Ishwariya Rajamohan

Ishwariya Rajamohan

Other 15th April 2019
Ishwariya Rajamohan


The recent story about sexual harassment in London has drawn lots of muted commentary and even some excuses for inappropriate male behaviour, but we’re no closer to anyone boldly taking a stand for how female chefs are treated in kitchens. This is an industry where we thrive on the camaraderie between us: there are chefs who normally take to Twitter faster than Trump to express outrage or solidarity, but there’s been no outpouring of empathy for women here.
When poorly moderated, chef social media groups clearly reflect this dynamic.

This is my observation - a female chef requesting wellbeing advice is trolled with scores of comments from male chefs on what she could do with her body. A few female chefs will even ask her to ‘man up’. Only a handful of comments show genuine concern for what she’s going through, even when it’s a universal challenge that all chefs face. In contrast, a male chef sharing mental health struggles is showered with comment after comment of commiseration.

Having worked in two male-dominated industries, I know that’s not the full picture. I’ve experienced the support of my male colleagues - whether it was vouching for my capabilities or standing up against someone who didn’t treat me well. But at the macro level, why is there a reluctance in our kitchen culture to concede any kind of place to female chefs? Why are the industry’s women left to self-organise into groups that advocate for their voice and dignity?


This is the question that I want to address in this article: what do male chefs stand to gain from not supporting their female colleagues? Will acknowledging women undermine their status in a very competitive industry? Each of us lends our own unique flavour to the chef collective. So if you’re not putting your own individual energy into developing that, but into inhibiting the growth of your female colleagues, or asserting your status over them, your energy is being misspent, chefs.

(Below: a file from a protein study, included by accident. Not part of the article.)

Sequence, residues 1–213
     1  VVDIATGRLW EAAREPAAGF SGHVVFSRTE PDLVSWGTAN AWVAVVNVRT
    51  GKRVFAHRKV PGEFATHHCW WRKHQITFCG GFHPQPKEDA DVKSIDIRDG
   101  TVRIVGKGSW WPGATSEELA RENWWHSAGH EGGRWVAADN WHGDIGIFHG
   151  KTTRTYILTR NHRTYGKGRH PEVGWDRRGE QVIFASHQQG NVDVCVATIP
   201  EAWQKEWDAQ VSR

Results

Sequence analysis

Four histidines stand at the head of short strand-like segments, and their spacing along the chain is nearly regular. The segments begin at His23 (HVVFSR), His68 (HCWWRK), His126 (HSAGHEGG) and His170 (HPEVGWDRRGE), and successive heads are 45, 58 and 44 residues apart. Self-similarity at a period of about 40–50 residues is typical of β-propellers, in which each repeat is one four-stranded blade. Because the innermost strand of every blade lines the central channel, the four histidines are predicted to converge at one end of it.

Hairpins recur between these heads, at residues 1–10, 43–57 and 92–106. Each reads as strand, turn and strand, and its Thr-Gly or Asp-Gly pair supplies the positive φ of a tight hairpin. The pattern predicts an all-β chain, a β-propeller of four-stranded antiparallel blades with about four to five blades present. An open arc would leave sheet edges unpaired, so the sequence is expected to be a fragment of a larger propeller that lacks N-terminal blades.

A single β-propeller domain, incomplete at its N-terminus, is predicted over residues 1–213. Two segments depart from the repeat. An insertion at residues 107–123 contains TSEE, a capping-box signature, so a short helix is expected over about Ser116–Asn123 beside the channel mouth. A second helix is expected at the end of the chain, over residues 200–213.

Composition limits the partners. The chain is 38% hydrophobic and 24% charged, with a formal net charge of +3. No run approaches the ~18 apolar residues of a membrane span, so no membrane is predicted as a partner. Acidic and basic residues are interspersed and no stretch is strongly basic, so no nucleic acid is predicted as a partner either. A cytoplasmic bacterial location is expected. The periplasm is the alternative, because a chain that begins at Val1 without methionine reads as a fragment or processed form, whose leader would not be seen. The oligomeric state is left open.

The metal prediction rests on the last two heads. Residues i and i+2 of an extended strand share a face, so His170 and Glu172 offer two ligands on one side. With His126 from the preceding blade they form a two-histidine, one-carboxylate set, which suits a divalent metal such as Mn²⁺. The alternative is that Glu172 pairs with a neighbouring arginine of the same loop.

If you’re simply subscribing to the existing kitchen culture, this is the truth: the dynamic that encourages you to dominate over someone of a perceived weaker status (like a female colleague) is doing no favours to men either. How can it be, if you’re not secure in your place yourself? And ironically, it’s that very same dynamic that impacts the mental health of both men and women in hospitality - because we’re not allowed to display any form of weakness - whether we’re struggling with our workload or personal issues. As teacher Caroline Myss said, “What is in one is in the


How can you support your female colleagues? The scope of this article is too narrow to address this, but you have to start with empathy. If you have the capacity to imagine how your customer will respond to every flavour in your dish, then you have the capacity to imagine what it’s like to be a female chef - battling the hostile environment around you, while also trying to forge ahead with the never-ending challenges every kitchen day brings.

We’ve built a whole mythology around the ‘macho’ chef. But the real warriors on our brigades are those we marginalise - in particular, female chefs. If anything, the men in our industry, our team leaders and employers should be looking to harness what our female colleagues bring to our kitchens, not diminish it.

(Ishwariya Rajamohan founded Love Letters to Chefs to help chefs navigate the challenges of the profession. It's about really seeing the human being who shows up to work in a chef's jacket. Her current focus is the #BetterCheflife project and the hashtag is being used on social media to promote the concept of better work-life integration in our industry. )

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